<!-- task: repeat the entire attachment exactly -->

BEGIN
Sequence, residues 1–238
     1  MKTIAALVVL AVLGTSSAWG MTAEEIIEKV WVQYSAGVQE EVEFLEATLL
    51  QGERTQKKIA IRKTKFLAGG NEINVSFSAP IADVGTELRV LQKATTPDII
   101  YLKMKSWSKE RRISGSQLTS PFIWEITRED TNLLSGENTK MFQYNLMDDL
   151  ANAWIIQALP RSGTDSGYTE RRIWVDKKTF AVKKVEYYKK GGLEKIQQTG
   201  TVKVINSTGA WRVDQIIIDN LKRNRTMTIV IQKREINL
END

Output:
Sequence, residues 1–238
     1  MKTIAALVVL AVLGTSSAWG MTAEEIIEKV WVQYSAGVQE EVEFLEATLL
    51  QGERTQKKIA IRKTKFLAGG NEINVSFSAP IADVGTELRV LQKATTPDII
   101  YLKMKSWSKE RRISGSQLTS PFIWEITRED TNLLSGENTK MFQYNLMDDL
   151  ANAWIIQALP RSGTDSGYTE RRIWVDKKTF AVKKVEYYKK GGLEKIQQTG
   201  TVKVINSTGA WRVDQIIIDN LKRNRTMTIV IQKREINL